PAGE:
The Line That Unites Us

I'm not a particularly contemplative person. But one day, I looked at the world a little longer than I typically do. And I noticed there are a lot of lines that divide us as human beings. Political lines. Racial lines. Religious lines. Economic lines. And so, in this world full of lines that separate, I sought to create one that would bring us together.

Partly due to the fact that my oldest son had played basketball with some boys from Compton from a young age and partly because I saw Compton as this bizarre place that was internationally recognized -- exclusively for horrible things like gangs, drugs and violence -- I chose to create that line at Compton High School.

Because I'm an ad guy at heart, I started, with a name and a tagline: Free Throw: One line that brings us all together.

I had no real idea how I would make this event and the corresponding film happen. Just an unwavering conviction that it must. This pigheaded righteousness and clarity of purpose would prove to be the most valuable asset I had, whether it was coercing crew members to work for sandwiches or the Compton School Board to trust the intentions of a middle-aged white guy from Manhattan Beach with a camera.

Once I had the concept approved, I just needed, um, money.

So I started by pitching the concept friends who had some. (It helped that they also had big hearts, a love for basketball and the ability to forget if it all went bad.) I called my presentation the "Anti Independent Film Pitch," because instead of talking about the upside potential like most independent filmmakers do, I spoke only of the good I thought their money could do. I ended by saying, "If I completely screw up, you'll have helped send a kid to college. Can you live with that?" They all could.

After about a month, I had raised $47,000 for the scholarships and another $15,000 to make the film. (I was close to getting a couple well-known brands to commit to putting $100,000 into the scholarships in return for essentially owning the film. Unfortunately, the speed at which we were moving, the lack of proven results I could share and the time of year all worked against us.)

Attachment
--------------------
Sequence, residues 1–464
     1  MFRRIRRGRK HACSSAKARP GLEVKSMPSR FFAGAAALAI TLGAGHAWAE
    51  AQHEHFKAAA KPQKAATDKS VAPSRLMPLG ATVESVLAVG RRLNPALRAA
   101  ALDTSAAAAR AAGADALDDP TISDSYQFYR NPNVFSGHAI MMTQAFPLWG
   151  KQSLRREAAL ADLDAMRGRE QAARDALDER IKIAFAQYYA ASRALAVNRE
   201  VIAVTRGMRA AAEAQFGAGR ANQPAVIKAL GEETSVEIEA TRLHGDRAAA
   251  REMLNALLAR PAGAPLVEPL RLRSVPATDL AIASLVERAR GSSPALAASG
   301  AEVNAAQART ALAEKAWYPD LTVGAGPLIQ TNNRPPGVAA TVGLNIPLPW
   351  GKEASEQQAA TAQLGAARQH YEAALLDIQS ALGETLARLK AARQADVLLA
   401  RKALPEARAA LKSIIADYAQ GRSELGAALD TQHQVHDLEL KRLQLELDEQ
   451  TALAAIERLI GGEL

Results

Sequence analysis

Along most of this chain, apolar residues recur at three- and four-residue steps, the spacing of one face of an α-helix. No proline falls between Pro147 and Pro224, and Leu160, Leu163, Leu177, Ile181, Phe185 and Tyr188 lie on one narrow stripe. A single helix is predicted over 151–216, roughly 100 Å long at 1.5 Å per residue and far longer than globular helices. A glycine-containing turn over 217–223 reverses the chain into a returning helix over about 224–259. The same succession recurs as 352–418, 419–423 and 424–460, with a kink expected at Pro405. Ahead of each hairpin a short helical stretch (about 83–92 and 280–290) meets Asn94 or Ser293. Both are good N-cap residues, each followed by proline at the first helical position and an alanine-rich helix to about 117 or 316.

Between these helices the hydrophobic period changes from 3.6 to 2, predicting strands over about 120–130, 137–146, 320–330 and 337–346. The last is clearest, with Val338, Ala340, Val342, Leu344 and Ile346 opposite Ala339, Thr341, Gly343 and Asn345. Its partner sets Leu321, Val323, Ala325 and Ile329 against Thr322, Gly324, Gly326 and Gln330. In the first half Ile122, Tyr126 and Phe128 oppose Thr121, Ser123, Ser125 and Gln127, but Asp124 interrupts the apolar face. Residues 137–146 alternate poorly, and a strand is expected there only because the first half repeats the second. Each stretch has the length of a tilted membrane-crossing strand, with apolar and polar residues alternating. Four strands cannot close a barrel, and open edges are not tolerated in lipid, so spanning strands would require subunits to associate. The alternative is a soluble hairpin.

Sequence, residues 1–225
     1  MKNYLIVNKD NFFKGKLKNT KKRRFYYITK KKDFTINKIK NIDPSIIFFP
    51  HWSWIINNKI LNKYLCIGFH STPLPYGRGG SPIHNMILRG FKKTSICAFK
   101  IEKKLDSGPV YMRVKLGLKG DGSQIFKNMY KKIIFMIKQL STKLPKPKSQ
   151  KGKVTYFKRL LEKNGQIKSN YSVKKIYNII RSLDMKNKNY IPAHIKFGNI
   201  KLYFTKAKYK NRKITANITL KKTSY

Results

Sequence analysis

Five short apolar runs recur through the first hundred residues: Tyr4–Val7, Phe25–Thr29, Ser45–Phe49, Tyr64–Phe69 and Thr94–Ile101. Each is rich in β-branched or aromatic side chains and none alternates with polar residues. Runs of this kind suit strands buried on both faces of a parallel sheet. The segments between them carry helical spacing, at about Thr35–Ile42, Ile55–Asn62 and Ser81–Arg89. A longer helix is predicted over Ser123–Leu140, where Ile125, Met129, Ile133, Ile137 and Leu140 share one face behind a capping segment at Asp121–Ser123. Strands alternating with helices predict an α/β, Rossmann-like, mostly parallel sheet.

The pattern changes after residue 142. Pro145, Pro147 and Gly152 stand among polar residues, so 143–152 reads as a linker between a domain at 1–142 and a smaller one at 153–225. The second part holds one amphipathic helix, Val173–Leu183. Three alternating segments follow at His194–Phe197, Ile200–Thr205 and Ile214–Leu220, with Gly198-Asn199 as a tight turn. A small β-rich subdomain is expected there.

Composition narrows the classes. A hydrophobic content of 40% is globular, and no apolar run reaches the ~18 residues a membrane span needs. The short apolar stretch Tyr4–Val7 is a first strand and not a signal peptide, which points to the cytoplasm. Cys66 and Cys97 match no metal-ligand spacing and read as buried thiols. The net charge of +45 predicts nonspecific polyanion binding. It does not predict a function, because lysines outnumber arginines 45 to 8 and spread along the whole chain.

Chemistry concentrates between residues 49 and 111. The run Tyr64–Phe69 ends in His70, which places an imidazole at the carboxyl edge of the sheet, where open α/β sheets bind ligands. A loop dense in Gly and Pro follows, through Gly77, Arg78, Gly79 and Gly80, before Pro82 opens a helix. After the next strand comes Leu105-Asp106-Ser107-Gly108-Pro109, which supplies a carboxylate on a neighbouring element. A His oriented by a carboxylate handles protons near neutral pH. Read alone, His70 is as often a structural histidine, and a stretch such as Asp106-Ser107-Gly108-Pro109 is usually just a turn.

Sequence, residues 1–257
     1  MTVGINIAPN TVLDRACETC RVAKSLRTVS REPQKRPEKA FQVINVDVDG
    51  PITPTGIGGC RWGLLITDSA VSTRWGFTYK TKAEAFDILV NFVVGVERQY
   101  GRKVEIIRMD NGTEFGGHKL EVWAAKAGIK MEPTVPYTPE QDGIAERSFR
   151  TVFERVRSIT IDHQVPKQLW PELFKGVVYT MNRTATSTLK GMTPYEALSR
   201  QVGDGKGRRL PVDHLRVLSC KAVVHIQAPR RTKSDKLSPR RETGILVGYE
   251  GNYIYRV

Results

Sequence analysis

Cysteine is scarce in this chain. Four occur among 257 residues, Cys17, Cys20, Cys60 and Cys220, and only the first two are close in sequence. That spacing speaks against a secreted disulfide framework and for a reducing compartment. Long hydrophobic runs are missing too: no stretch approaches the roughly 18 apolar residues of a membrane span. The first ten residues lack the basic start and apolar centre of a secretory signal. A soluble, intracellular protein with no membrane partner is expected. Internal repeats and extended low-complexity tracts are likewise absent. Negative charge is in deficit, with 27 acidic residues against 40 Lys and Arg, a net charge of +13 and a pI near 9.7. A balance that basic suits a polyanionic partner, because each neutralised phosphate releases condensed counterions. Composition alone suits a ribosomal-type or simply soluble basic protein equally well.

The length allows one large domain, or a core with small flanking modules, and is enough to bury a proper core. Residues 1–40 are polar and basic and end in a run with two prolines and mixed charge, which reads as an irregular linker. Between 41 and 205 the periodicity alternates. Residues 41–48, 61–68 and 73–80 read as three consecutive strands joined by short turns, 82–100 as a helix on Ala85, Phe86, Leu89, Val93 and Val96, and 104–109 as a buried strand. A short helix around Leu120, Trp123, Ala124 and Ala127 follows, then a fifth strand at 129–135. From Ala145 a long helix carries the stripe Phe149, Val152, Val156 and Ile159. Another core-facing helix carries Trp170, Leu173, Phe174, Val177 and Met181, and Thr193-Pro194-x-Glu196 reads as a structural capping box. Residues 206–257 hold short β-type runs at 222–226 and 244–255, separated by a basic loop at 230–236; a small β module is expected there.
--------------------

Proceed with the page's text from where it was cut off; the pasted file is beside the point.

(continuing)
This is where our ad agency, WDCW, really stepped up. By dedicating funds, agency resources and personnel to the project, we were able to make an almost absurdly ambitious two-week filming schedule that involved minors, a contest with a cash prize and a load of other legal headaches, a reality.

So many things happened during those two weeks, it's hard to convey. Many heartwarming. A few heart-wrenching. All on film. In the end, due largely to the incredible generosity of one of our contestants, a line that started with one person touched an estimated 45 million people. Which led to this TED Talk I recently delivered and the feature film Free Throw, which was released today on Apple iTunes and through cable video on demand.

Most importantly though, the line connected me to some of the most inspiring people I've met in my life. People in a community so foreign two years ago, and now, so much a part of me.